At Madiba’s insistence, Nigeria was suspended from the Commonwealth of African Nations. Abacha was furious, and in turn banned the country’s football team from competing in the 1996 African Cup of Nations, due to be held in South Africa. The news was greeted with devastation in Lagos. Angry fans stormed the Sports Ministry demanding answers. Nigeria were the defending champions and the continent’s best team. Two years before, their attacking football had dazzled at the World Cup, Clemens Westerhof’s men voted the most entertaining of the tournament even after Roberto Baggio’s Italy had knocked them out in the second round. Now, they had nowhere to play.
Thousands of miles away, anticipation was growing. The US Olympic Committee had pumped $5 billion dollars into the Atlanta Games, and hopes were rising for a medal finish for the women’s and men’s football teams. With capacity crowds and home-field advantage, a nation expected positive results.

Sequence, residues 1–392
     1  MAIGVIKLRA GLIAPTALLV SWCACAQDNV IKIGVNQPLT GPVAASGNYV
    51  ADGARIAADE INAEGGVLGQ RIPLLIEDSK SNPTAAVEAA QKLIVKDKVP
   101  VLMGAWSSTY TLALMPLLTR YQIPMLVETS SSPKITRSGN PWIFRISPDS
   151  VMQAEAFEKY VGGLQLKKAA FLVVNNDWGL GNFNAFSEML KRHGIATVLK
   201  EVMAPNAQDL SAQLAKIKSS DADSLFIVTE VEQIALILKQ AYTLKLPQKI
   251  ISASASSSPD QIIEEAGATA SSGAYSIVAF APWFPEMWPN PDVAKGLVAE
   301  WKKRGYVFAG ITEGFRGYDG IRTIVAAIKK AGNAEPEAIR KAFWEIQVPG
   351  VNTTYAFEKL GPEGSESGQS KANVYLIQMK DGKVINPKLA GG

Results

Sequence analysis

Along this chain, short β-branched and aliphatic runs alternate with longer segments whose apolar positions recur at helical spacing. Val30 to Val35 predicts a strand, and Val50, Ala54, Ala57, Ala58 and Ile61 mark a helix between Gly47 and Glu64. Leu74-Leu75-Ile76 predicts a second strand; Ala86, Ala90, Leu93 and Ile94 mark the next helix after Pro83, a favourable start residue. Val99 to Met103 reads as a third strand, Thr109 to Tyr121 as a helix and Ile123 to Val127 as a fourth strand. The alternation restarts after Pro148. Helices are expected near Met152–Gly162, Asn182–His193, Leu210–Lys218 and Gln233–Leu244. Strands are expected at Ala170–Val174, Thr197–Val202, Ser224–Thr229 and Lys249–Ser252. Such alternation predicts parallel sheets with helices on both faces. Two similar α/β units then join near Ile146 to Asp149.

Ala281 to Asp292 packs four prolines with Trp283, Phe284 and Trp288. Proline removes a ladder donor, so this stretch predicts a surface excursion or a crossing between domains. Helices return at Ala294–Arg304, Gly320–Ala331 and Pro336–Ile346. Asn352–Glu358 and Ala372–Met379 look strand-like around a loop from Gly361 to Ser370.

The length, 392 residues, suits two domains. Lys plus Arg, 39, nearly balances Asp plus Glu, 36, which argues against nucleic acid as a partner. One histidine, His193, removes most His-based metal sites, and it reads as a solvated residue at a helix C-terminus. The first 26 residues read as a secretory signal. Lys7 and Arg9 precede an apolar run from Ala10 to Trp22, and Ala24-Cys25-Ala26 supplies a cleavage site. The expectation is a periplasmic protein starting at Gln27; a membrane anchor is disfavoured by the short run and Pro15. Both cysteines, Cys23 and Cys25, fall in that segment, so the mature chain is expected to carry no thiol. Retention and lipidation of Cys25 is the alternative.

By the time Céline Dion had brought the opening ceremony to a close, Jo Bonfrère’s Nigeria were in need of distraction. The Dutchman’s side had only qualified for the Olympics after a hard-fought win over Kenya in the preliminary qualifying tournament, and the build-up had been far from ideal.
Bonfrère had brought his side to Tallahassee a few weeks before, hoping that an inconspicuous arrival would help them focus on footballing matters. After all, it was Nigeria’s first meaningful competition in two years. His plans would be ruined, however, with the team beset by organisational problems at the Nigerian Football Association. “About two or three weeks into the camp ,we never had allowances,” Viktor Ikpeba later told Goal. “There was no money in the camp and generally most of us used our own credit cards in renting buses taking us to training sessions.” Bonfrère was equally upset. “As coach of the Nigerian team,” he grumbled afterwards, “you are also the welfare manager, the ball boy, a nurse and an administration officer.”